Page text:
Hostile Work Environments Are Bad Business
If you’re a general practitioner who inevitably happens upon family picnics or neighborhood barbeques, sooner rather than later someone will seek your blessing on their work-related legal analysis. The one-sided conversation might go something like this: “What’s going on there just ain’t right. They’re definitely breaking the law because that’s a hostile work environment—isn‘t that right my lawyer friend? Go ahead, tell them. It’s illegal.” Now, before survival mode kicks in and compels you to search for strong drink, use these little tidbits to remind folks that you are the one with the law license.
First, hostile work environments do exist. Under a handful of federal statutes and some state laws, it is absolutely illegal to maintain a hostile work environment. It is also a potentially expensive violation, so an employer cannot afford to just let the grownups work it out among themselves.
The very term hostile work environment is under constant evaluation. New fact situations keep appearing. The most common still may be sexual harassment claims, where offensive conduct or remarks create a hostile environment. These claims can be pervasive sexually suggestive comments to or about coworkers, or discrimination in work hours, pay, benefits, or privileges based on sex. It most often impacts women, but not always. For most of us, it is now easy to see when the acts are unlawful, like uninvited physical contact or even a more subtle combination of such behavior and other remarks.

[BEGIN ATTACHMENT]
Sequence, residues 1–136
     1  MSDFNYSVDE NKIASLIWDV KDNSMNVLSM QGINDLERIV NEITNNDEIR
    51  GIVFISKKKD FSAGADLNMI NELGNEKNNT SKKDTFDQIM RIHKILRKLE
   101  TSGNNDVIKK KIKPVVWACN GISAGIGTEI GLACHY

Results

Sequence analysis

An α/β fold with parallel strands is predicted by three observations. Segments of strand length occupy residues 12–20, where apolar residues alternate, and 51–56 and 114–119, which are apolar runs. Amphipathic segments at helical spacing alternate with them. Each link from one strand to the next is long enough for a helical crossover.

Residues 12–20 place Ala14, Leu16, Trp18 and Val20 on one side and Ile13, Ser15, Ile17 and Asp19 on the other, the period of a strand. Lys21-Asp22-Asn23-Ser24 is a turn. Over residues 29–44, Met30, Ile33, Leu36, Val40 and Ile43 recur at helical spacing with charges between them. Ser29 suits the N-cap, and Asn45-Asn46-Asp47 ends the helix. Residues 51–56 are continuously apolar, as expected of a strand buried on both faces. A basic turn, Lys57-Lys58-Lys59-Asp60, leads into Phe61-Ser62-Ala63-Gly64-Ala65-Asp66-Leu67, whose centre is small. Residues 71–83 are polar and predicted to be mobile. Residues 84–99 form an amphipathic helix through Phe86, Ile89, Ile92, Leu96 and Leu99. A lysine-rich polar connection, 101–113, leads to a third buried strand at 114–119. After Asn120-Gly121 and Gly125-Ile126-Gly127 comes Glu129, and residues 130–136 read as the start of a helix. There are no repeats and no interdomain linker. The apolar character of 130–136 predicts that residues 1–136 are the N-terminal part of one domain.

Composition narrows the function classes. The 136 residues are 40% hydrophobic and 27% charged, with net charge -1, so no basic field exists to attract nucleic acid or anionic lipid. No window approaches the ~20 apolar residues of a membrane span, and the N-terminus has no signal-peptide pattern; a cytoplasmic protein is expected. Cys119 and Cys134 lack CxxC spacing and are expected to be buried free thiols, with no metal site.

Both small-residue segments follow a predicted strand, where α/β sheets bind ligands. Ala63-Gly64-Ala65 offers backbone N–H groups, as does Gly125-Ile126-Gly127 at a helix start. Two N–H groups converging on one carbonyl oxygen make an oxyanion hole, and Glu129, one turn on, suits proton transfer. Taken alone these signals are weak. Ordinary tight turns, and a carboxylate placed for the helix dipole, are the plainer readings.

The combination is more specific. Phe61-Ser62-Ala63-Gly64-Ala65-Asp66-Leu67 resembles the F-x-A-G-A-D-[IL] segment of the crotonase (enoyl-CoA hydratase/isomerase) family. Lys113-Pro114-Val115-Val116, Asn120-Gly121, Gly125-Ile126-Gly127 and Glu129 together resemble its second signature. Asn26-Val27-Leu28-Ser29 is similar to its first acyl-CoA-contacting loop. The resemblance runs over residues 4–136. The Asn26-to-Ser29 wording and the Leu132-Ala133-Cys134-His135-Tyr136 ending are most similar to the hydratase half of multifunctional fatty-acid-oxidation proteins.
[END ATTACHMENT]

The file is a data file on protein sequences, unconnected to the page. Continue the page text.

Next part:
Hostile work environment claims are expanding, however, into every area of discrimination law. That means that openly discriminatory acts or remarks regarding race, ethnicity, age, or disability might be evidence of a hostile work environment. More and more, similar issues are raised about sexual orientation. All of these areas are developing and should not be ignored in an employer’s anti-discrimination or EEO policies. While a mere objectionable “stray remark” might not amount to harassment or discrimination, internal complaints about such remarks should not be ignored, as they could be the seeds for a hostile environment.
Likewise, in whistle-blower cases, an employee who made or just helped to report a problem to management or an appropriate agency will sometimes be greeted with retaliation. When an angered employer responds by making the employee’s work life miserable—cutting hours, demoting the individual, stripping duties, increasing workloads, and almost anything else within the imaginative manager’s power—the employer is creating a hostile work environment in the form of a retaliation claim.
The law does give employers a chance to avoid liability. If an employer has a real, well-publicized process within the company to address such complaints, it can avoid liability for some rogue wrongdoers. The policy must create a clear process to report and act upon complaints. If the employer has created a real process and the harassed employee unreasonably refuses to use it, the employer can escape liability, though the harasser does not. But remember, the policy must be real. If a company has no process or a sham process, liability can be severe.
What’s a lawyer to do? Just tell your business clients and your good neighbors at the cookout this reality. Allowing a hostile work environment is bad business. Any employee who spends work hours worrying about the next time he or she will be harassed by a coworker or manager is not really focused on the job. So harassment costs employers money long before a claim ever finds a courtroom.
Neil A. Grover is a solo in Harrisburg, Pennsylvania. His has practiced civil litigation for 20 years, representing individuals, families, small businesses, and unions. Contact him at firstname.lastname@example.org.
© Copyright 2009, American Bar Association.